Jun. 2nd, 2010 @ 03:03 pm
"We would gladly have listened to her (they said) if only she had spoken like a lady. But they are liars, and the truth is not in them." - Joanna Russ, in The Female Man, 1986|
"Lady militants are always like Joanna, hitting you with their umbrella, smashing your bottle of whisky — because if they are not, WE WILL NOT LISTEN." - Phillip K. Dick, 1974
(quotes via the great book by Helen Merrick, The Secret Feminist Cabal, which I am reading at the moment)
girliejones and cassiphone, among others, have been getting criticised this week for comments made about the Before They Were Giants anthology, a reprint anthology notably lacking in women. The argument has been roughly that because the anthology selection wasn't a deliberate act of misogyny (and indeed, the editor James Sutter has been quite reasonable and apologetic in his response) that the complains should have been made far more politely — that they should have been made directly, not publicly, been made only in a most mild and reasonable way that no one could possibly be offended by, in short, that perhaps they were right, but they shouldn't have said it, or at least not loudly enough that people heard.
And we are still having this conversation in the SF field after at least 35 years. If just politely helping people become aware of the issue worked, we wouldn't still be talking about it. And yet, it keeps happening, again and again. People are still putting together anthologies without even thinking about gender as an issue — and the only way to make them think about the issue is to make sure it isn't thought of as just a nicety, just another thing to try and improve that fellow editors will give you hints about (like font choice, or cover layout), but rather as something that is a major mistake if you get it wrong, something that will attract not mild criticism but anger. Anger is entirely appropriate. No one should expect not to get publicly called on their big mistakes, rather we should all endeavour not to make them, and learn to handle them gracefully when we do (as, to his credit, Sutter largely has).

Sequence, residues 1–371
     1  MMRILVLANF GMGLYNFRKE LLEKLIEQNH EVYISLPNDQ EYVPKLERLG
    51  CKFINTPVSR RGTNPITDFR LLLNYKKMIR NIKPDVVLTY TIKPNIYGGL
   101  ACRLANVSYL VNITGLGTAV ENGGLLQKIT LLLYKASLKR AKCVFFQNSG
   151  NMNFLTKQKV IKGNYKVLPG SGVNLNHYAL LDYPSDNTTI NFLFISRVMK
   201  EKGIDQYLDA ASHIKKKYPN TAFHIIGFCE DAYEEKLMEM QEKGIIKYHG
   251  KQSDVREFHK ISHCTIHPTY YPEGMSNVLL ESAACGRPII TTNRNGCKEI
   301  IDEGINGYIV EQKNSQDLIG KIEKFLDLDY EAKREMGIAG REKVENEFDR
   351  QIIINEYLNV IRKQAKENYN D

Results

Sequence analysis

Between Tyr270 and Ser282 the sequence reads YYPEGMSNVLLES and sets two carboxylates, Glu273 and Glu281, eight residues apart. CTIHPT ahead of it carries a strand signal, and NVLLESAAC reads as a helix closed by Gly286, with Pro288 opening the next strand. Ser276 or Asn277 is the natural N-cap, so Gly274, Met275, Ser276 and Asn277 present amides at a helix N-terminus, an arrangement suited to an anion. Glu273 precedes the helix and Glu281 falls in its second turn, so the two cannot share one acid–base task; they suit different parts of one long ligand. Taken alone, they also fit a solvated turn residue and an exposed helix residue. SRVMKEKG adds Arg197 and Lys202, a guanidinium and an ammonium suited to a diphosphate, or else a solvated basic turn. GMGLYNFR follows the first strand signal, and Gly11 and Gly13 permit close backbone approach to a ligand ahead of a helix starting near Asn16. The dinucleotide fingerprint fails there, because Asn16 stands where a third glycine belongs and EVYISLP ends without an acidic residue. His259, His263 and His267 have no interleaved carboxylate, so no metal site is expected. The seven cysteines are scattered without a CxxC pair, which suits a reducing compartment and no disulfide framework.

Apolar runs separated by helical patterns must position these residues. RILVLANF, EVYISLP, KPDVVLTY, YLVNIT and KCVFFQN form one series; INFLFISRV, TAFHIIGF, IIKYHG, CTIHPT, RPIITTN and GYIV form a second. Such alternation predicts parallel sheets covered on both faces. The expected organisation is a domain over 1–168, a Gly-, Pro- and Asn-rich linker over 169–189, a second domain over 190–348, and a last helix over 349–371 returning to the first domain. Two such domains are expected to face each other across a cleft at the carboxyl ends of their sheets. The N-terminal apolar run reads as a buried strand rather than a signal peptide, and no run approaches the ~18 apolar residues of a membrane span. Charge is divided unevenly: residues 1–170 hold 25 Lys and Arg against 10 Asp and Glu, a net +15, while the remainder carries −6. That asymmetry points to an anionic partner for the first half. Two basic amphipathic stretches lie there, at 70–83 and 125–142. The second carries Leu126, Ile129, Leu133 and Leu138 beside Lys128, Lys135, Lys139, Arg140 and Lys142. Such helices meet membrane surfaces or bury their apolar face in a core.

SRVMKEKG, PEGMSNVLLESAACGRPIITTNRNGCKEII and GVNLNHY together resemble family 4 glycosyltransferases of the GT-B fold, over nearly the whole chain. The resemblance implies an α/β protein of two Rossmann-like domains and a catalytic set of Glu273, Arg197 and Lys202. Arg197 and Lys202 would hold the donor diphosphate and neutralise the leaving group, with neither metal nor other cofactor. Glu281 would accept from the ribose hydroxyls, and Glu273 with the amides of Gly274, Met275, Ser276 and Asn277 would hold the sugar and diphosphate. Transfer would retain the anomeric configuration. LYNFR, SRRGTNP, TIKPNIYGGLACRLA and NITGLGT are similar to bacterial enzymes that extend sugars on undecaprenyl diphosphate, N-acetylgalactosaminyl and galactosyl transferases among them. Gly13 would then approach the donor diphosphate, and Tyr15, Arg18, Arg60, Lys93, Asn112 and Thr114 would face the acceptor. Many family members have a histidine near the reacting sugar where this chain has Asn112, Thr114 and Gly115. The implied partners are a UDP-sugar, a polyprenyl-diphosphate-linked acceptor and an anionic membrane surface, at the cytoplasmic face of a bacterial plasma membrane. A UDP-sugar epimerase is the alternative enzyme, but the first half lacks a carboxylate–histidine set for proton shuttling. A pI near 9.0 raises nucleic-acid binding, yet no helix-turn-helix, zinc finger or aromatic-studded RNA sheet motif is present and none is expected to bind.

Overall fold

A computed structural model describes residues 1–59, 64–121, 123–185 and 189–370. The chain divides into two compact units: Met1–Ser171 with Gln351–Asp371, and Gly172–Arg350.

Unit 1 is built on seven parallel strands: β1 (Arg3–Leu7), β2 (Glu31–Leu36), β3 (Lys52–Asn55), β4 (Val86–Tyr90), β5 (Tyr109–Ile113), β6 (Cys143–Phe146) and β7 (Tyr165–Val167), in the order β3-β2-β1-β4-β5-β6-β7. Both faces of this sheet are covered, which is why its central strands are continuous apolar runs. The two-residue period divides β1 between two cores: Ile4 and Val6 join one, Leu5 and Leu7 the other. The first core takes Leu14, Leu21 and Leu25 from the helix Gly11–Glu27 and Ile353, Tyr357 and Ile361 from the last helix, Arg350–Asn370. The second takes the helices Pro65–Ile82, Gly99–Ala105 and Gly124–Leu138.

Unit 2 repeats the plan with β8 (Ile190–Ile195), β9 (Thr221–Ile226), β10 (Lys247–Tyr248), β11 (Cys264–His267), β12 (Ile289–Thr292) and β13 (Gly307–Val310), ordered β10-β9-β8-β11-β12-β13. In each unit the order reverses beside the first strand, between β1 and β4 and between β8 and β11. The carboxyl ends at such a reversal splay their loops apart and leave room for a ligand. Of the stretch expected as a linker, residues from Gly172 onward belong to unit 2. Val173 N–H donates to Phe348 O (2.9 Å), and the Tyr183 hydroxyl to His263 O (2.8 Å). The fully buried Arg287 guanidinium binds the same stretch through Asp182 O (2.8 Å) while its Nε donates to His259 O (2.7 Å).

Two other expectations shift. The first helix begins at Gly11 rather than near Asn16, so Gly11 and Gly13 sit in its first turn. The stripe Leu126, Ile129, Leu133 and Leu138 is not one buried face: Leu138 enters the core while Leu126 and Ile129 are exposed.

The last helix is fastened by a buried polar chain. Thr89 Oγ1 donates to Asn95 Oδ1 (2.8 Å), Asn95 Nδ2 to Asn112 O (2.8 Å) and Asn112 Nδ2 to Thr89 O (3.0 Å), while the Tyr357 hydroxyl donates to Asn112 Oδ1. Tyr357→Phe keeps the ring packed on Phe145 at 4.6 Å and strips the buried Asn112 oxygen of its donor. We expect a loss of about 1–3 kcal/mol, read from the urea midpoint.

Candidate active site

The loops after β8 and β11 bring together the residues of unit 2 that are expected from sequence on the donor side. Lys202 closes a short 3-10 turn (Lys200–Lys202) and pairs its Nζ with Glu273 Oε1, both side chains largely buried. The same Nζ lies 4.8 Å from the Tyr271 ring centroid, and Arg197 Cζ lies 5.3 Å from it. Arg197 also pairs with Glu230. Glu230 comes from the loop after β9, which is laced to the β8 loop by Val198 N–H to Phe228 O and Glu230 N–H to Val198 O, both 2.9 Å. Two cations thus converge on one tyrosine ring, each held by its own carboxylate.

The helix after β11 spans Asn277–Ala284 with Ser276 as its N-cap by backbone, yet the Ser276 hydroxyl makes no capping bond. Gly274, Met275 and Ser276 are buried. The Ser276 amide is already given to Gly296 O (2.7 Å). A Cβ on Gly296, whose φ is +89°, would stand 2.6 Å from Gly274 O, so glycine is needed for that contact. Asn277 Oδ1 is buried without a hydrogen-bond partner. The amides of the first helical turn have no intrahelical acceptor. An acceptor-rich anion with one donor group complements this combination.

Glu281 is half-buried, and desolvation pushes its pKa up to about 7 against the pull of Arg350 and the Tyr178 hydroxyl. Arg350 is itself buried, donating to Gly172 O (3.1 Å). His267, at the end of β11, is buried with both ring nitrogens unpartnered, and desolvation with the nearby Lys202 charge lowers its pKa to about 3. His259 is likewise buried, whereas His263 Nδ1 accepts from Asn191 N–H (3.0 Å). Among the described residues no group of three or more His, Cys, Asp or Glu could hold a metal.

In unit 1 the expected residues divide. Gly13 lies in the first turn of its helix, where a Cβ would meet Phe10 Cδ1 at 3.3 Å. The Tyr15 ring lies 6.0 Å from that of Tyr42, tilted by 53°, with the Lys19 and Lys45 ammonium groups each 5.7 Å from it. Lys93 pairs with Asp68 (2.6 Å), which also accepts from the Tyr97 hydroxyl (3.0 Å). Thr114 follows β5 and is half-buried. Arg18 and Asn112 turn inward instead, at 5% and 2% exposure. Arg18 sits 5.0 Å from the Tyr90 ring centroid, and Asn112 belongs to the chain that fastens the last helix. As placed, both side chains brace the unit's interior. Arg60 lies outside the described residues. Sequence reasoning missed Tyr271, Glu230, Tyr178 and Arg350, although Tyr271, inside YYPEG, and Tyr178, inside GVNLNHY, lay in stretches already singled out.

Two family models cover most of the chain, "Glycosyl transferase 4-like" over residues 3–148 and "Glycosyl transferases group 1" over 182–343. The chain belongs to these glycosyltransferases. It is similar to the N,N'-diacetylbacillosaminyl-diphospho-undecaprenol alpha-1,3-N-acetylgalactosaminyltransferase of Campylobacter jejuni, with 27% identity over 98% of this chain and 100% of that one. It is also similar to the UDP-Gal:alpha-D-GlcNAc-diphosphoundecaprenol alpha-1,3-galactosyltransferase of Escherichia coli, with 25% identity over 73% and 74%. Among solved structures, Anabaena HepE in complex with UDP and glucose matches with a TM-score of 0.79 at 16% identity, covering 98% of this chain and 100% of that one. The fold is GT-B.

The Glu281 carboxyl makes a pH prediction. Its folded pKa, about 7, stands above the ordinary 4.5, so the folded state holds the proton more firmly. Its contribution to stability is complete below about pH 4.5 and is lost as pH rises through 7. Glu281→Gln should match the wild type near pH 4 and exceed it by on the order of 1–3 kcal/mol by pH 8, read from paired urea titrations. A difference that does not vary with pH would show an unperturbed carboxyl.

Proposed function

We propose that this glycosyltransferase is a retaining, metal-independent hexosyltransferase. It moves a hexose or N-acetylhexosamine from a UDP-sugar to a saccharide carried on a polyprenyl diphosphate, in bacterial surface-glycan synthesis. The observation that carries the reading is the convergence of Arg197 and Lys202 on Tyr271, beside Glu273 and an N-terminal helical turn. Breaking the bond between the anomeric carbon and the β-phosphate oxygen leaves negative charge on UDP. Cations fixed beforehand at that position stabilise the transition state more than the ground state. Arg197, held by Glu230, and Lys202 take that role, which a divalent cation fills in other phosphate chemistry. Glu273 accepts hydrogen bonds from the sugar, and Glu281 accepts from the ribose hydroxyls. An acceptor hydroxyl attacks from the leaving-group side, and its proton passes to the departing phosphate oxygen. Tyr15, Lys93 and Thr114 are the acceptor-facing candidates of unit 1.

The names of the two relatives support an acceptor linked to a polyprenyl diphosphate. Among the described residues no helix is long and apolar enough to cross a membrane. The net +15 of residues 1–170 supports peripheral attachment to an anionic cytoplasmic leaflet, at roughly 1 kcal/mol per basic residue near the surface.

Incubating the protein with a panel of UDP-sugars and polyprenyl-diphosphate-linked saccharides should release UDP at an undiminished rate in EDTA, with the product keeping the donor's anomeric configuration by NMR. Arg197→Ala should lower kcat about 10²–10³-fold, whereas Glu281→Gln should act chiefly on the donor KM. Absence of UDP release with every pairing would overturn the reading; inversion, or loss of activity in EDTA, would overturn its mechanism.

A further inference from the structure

While this is a post about a controversy in the SF world, of course I can't make a post about how to handle sexism this week without people thinking about EFA and the controversy over its handling of sexism allegations. Certainly some of the issues are the same. I know I want to respond as an individual, because the board/chair response does not represent the opinions of this individual board member at all, and I'm thinking about how best to do that (and I don't think this journal is the place for a public comment on that issue). But I do want to say that I have enormous love for alexmoon right now, and I'm personally terribly apologetic for the way the organisation has disappointed her, and so many others, this week. More on this later.
I would appreciate it if no one smashes my bottle of whisky this week, though. It's cold, and I have a cold, and it has been rather a difficult week, and I've been finding a little Talisker in the evenings makes it a little more bearable. girliejones, cassiphone, alexmoon? Sláinte!
Cheers, for this, Dave. Much appreciated.
Thankyou. And yes, exactly. I am by nature a non-confrontational passive sort of person, and what happens is people smile and nod and think I'm nice...and completely ignore my complaints
. Or they listen, but nobody else notices the discussion so I have to go through it all again later. Grr. So I have every respect for those speaking up in a more outspoken and confrontational way (and not just about gender)
|Date:||June 2nd, 2010 08:12 am (UTC)|| |
Nice. I like what Phillip K Dick said. Re: the EFA thing, my first skim look at the controversy (not the marketing campaign which I have failed to see), made me thing it was some kind of "your mum" joke that they were riffing off.
That is a brilliant quote by Dick.
Well said. Good luck with EFA stuff. Awesome quote by Phillip K. Dick.
I'm glad that you're aware, and that you care. I'm glad that you're in a position to speak and be heard where so many of us women are not right now re the EFA stuff. I may hate that your words are more powerful than mine in this context, but I am also grateful - particularly if it results in some sort of change for the better. Certainly I can only help. And provide support as needed if it would be helpful.
Haven't read any more on this than your post, but am already getting strong "racefail do-over" vibes. You might need to save me a large-sized belt of that Talisker. (Shouldn't your length marks go the other way, while you're drinking that, btw?)
I think this one won't be racefail, we've had this particular argument before (and will again). No big names seem inclined to jump in and comment. It's a teacup storm.
Yes, I inadvertently used the length marks for the Irish pronounciation not the Scottish. Then again, I'm fairly sure I couldn't reliably tell the difference when spoken either, being a clueless foreigner.